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Anger over youth centre plans
YOUNG people and their parents have reacted angrily to Wiltshire Council’s proposal to close youth centres across the county.
The council is considering shutting 24 youth centres and making 140 youth workers redundant as it looks to save £500,000.
Petitions and online campaigns protesting against the closures have been set up and teenagers have been quick to condemn the cuts.
Luke Clifford, 16, who presents a programme on youth radio station Radio Sparksite said: “The point of youth centres is to build up trust and confidence and to help young people. Have councillors ever visited a youth centre and seen how brilliantly the staff work with young people to bring out the best in them?
“Are they going to turn us away so we just have to hang out on the streets?”
Concerns have been raised about the future of the Bass Connection music service which is run from ageing Grosvenor House in Churchfields Road, Salisbury.
It is due to move to the new community campus being built at Five Rivers Leisure Centre where there will be state-of-the art recording facilities and equipment.
But young people want reassurance there will be enough qualified youth workers employed at Bass Connection’s new home.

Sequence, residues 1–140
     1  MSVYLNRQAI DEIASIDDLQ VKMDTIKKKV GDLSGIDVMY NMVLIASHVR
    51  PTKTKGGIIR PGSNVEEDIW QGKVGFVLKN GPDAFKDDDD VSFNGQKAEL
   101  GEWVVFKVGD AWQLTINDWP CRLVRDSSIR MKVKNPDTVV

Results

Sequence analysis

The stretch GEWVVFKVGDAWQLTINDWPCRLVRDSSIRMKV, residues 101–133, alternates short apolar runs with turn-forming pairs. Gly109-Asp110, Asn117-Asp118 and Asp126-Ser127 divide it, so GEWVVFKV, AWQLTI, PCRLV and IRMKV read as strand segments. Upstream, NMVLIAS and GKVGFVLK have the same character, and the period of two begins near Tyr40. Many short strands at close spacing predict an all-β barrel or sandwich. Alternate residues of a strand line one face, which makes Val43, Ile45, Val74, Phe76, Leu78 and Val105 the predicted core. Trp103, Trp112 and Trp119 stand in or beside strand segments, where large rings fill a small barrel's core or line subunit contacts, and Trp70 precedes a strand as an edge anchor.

“What’s the point of having a fantastic new building with no youth workers?” asked Luke.
“One idea is to have volunteers. Why are the Government and local authorities always putting pressure on working people to do the work of specialist professionals?”
An online petition in support of Wiltshire’s youth centres and youth workers set up by Salisbury dad Glynn Root, 34, was signed by 200 people in just four hours and other Facebook campaigns have also received widespread support.
Public sector union Unite, which represents many of the 140 youth workers who could lose their jobs, has also condemned the plans, saying youth centres could become boarded up by the summer with nowhere for young people to go.
Wiltshire Council has released more information about its plans this week.
They are considering four options – retaining in house provision on a drastically reduced basis, outsourcing youth services, encouraging staff to form a public service mutual company or allowing individual area boards to allocate funding for youth services in their specific areas.
The report states: “Currently around eight per cent of the 13 to 19 (year old) population access the council’s open access youth service. The current service needs to be reviewed to ensure provision responds to the modern lives of young people, is shaped by their views and aligns to the council’s new community campus model.”
The council says that over the last 10 years young people’s lives have changed rapidly due to social networking, expansion of home entertainment and more commercially available activities.
It says it needs to focus on the most vulnerable young people and save £500,000 from the service’s £1.3m annual budget at the same time.
A consultation started on Friday and runs until April.
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